Amid funding boom in Indian startup ecosystem, how VCs can help beyond capital contribution

From a VC perspective, providing capital is just the starting point of the relationship between the VC and the portfolio company. The role of VCs keeps changing as their investee companies mature from one stage to the next.
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The year 2021 has been a busy one for both venture capitalists as well as startups in India. It panned out to be much better than expected, with record investments in the startup ecosystem, and VCs across the spectrum expressing their confidence in the Indian growth story.

How 2022 will pan out in terms of investments is anybody’s guess. With many uncertainties, including the third COVID-19 wave, it’s very hard to predict whether the acceleration in investments will continue in 2022. However, the VC ecosystem is visibly maturing alongside the technology landscape.

Capital helps quality companies accelerate their growth and supports them in entering the next phase of maturity. However, in the absence of ruthless discipline, it can also make businesses complacent, causing expensive, and sometimes fatal, delays in course correction.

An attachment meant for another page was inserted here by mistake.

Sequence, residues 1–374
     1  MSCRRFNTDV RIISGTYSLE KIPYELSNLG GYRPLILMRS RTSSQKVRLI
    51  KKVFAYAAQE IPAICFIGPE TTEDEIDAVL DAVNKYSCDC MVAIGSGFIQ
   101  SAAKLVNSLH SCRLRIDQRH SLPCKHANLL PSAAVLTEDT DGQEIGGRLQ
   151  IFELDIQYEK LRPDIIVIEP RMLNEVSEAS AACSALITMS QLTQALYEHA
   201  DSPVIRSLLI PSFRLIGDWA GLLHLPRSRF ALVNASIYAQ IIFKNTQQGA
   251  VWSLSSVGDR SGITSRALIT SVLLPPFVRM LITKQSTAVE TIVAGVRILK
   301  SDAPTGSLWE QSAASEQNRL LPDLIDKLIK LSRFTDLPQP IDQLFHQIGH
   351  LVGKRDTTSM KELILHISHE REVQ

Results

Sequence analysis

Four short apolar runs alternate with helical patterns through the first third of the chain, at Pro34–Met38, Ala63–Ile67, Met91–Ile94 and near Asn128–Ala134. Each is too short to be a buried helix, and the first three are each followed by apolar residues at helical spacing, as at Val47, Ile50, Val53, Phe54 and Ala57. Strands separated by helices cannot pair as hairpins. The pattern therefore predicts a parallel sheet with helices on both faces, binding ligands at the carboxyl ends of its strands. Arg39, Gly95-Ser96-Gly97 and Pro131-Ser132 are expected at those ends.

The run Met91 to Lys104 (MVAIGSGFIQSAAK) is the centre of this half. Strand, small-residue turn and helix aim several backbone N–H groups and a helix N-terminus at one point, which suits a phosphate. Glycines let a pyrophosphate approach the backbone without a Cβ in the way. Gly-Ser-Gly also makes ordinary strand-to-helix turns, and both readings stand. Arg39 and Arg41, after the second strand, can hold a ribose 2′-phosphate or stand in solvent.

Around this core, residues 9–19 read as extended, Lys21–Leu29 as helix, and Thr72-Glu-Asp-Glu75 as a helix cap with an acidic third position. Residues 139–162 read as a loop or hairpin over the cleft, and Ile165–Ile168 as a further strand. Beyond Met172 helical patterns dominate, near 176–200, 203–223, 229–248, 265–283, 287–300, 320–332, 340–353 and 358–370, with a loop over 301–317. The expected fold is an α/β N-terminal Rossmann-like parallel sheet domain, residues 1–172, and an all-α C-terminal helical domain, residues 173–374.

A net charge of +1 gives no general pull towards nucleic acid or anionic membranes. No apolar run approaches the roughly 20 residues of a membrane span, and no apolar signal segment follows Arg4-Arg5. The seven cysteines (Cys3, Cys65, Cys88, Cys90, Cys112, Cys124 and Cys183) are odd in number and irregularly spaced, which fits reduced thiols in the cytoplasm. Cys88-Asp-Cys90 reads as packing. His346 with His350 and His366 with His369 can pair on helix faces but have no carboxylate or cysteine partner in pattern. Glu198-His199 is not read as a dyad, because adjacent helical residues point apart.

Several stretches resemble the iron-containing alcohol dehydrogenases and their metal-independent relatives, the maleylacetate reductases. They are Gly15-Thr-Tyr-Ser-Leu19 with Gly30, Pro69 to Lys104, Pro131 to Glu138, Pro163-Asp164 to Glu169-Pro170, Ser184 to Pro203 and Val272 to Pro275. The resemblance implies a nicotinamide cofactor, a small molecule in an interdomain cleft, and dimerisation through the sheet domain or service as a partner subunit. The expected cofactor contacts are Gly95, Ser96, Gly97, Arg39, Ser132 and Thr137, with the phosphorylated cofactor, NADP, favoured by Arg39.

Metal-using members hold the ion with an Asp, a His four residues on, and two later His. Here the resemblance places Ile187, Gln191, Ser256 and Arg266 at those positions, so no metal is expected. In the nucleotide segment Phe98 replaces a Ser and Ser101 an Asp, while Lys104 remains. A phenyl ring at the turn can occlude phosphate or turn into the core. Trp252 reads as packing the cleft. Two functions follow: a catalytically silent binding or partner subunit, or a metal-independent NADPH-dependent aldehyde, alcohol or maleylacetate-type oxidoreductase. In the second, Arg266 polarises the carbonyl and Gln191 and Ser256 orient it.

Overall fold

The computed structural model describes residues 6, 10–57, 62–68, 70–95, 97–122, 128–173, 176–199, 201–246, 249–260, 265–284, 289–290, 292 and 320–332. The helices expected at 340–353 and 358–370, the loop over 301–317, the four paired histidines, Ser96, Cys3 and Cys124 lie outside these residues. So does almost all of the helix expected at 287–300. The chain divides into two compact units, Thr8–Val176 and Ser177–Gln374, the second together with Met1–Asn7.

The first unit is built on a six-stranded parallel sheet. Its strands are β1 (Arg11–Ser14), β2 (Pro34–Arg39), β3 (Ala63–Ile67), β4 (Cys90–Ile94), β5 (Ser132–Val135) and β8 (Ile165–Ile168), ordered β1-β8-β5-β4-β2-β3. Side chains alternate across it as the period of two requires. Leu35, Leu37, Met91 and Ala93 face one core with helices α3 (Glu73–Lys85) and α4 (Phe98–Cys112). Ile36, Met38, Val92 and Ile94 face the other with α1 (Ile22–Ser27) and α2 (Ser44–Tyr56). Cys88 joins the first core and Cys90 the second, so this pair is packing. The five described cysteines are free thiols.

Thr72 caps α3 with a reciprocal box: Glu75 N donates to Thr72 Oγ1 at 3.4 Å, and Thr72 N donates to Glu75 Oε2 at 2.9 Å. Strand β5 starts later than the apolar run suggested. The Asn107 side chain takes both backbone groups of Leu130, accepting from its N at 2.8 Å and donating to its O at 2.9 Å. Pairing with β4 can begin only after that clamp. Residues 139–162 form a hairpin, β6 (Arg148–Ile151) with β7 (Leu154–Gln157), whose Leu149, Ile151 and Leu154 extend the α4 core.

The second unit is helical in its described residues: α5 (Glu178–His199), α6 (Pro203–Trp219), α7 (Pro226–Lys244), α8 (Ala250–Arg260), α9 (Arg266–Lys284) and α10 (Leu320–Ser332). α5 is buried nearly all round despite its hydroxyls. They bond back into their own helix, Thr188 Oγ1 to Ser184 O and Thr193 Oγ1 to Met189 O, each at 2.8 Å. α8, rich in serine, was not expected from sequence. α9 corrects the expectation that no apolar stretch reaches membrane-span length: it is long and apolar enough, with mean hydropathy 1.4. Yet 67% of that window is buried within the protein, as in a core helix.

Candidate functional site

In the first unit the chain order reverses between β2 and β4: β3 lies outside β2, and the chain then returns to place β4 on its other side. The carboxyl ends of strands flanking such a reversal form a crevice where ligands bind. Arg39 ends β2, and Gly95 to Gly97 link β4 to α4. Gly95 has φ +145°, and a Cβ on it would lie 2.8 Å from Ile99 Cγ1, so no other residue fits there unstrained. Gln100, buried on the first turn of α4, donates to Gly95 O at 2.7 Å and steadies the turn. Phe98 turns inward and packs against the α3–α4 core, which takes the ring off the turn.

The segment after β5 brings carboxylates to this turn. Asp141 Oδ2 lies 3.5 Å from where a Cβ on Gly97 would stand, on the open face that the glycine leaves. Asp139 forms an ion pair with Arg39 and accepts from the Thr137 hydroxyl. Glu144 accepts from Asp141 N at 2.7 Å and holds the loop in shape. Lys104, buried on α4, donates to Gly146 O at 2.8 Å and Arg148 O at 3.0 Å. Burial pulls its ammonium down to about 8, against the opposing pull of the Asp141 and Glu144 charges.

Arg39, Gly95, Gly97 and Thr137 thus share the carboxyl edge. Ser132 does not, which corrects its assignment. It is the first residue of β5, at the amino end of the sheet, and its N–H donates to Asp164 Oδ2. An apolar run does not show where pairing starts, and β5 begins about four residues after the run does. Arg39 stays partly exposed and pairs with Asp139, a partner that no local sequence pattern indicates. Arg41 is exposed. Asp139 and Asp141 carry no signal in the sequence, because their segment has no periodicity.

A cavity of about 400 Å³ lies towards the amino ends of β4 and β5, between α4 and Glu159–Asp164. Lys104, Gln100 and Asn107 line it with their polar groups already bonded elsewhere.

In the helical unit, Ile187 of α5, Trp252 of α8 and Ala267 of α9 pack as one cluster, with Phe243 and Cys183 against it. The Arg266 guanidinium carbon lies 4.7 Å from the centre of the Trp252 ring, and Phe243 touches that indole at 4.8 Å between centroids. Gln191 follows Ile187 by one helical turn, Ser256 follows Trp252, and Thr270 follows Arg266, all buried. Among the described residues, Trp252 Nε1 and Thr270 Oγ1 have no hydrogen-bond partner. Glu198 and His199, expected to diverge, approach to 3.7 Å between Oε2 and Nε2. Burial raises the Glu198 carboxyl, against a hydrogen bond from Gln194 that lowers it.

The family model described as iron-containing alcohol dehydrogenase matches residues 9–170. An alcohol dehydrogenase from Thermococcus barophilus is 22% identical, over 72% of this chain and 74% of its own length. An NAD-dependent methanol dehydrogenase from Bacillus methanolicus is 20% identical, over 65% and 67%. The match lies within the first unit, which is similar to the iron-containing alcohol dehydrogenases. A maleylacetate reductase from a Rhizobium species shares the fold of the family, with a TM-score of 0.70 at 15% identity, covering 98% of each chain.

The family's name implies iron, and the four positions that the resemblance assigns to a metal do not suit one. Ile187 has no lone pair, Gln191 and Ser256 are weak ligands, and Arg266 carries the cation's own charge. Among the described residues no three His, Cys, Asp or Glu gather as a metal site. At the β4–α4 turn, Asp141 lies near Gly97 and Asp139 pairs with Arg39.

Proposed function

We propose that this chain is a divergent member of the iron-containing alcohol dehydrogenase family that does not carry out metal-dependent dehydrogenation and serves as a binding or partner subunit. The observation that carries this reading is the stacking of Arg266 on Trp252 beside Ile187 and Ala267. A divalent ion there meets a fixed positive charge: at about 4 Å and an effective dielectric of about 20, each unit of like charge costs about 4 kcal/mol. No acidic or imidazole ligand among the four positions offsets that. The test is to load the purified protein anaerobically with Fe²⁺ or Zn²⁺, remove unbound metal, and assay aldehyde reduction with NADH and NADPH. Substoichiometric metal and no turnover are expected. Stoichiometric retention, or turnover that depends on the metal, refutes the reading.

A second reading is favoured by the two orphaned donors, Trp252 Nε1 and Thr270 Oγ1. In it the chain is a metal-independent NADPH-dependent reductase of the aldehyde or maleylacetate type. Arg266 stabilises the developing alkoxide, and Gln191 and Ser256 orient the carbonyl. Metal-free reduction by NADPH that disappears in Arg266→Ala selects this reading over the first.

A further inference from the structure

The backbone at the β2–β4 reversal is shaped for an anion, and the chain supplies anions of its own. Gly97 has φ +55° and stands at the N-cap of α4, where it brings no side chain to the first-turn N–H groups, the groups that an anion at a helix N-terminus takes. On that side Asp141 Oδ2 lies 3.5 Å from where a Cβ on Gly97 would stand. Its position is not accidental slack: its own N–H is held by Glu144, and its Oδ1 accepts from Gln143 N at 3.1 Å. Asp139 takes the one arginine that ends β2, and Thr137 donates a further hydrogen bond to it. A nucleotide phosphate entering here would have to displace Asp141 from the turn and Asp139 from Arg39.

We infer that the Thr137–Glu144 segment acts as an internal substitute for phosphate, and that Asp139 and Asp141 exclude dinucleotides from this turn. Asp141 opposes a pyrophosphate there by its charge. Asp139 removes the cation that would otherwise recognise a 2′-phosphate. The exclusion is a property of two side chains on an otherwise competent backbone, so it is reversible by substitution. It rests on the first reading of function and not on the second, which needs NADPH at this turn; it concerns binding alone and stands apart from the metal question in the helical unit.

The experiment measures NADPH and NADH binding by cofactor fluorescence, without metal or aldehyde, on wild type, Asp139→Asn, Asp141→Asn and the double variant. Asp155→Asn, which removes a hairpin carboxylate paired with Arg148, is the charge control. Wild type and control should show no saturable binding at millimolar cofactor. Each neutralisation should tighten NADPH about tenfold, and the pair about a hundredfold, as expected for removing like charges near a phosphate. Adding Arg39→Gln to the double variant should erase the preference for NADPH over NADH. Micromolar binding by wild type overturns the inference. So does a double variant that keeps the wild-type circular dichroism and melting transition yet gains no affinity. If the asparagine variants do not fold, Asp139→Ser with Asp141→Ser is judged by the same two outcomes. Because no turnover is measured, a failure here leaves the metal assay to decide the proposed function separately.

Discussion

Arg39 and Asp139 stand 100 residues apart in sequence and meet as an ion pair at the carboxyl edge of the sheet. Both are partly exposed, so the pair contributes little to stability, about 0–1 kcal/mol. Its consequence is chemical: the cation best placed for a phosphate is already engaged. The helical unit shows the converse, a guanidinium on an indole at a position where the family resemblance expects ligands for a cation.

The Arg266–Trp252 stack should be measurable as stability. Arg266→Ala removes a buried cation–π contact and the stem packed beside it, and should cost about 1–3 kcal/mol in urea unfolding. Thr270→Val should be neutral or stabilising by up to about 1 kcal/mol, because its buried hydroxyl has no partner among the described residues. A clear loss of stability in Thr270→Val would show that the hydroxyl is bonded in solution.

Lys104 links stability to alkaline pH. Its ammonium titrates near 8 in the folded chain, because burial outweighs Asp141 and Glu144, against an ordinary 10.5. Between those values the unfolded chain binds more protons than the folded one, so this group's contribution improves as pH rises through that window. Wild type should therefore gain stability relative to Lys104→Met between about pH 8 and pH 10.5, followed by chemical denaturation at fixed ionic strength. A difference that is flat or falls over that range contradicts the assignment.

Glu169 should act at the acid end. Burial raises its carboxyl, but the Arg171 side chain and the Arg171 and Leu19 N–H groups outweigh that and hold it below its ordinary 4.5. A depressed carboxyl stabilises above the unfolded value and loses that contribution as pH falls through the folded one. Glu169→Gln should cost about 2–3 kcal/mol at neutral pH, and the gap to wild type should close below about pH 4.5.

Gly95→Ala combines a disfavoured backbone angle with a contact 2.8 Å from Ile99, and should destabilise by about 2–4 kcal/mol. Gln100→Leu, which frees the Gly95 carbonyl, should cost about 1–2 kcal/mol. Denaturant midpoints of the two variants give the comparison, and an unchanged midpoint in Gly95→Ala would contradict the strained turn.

The spike in investments in 2021 will allow several businesses to change their growth dynamics and enter a new trajectory. Founders need to align themselves with the new stage of their venture’s evolution. They must continue to focus on all inputs needed to build a successful venture, of which capital is just one part.

From a VC perspective, providing capital is just the starting point of the relationship between the VC and the portfolio company. They have their post-investment task cut out after a heartening 2021.

The role of VCs keeps changing as their investee companies mature from one stage to the next. The first stage, which is generally called 0 to 1, is when the company is in an experimentation phase.

The founder is trying to give their problem statement a better definition, while executing, learning, and establishing the organisation at the same time. This stage typically requires the brute force of the founder’s passion to solve problems and to achieve product-market fit.

It will not be inappropriate to say that this is a stage of chaos and disruption. In our view, there might not be a set template for VCs to support the portfolio companies in this stage. They can just operate as a sounding board, provide advice, and bring in the right relationships where required.

Several businesses, partially due to the spike in investments, will or have entered the next phase of evolution in 2021-22 i.e., moving from the 0-1 to the 1-10 stage. The role of VCs in the 1-10 stage tends to be quite different. While pure passion and hustle allow ventures to get from 0 to 1, a method to the madness is required in the 1 to 10 stages.

In this early-growth stage, VCs can bring in a lot more value in addition to capital. The business needs to now start having structure, better systems, and defined processes to ensure scalability.